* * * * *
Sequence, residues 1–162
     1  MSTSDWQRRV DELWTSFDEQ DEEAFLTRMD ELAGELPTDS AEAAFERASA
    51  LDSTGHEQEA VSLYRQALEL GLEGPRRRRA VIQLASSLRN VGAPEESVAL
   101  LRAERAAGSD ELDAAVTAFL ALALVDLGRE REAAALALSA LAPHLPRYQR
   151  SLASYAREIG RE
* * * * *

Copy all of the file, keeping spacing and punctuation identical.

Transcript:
Sequence, residues 1–162
     1  MSTSDWQRRV DELWTSFDEQ DEEAFLTRMD ELAGELPTDS AEAAFERASA
    51  LDSTGHEQEA VSLYRQALEL GLEGPRRRRA VIQLASSLRN VGAPEESVAL
   101  LRAERAAGSD ELDAAVTAFL ALALVDLGRE REAAALALSA LAPHLPRYQR
   151  SLASYAREIG RE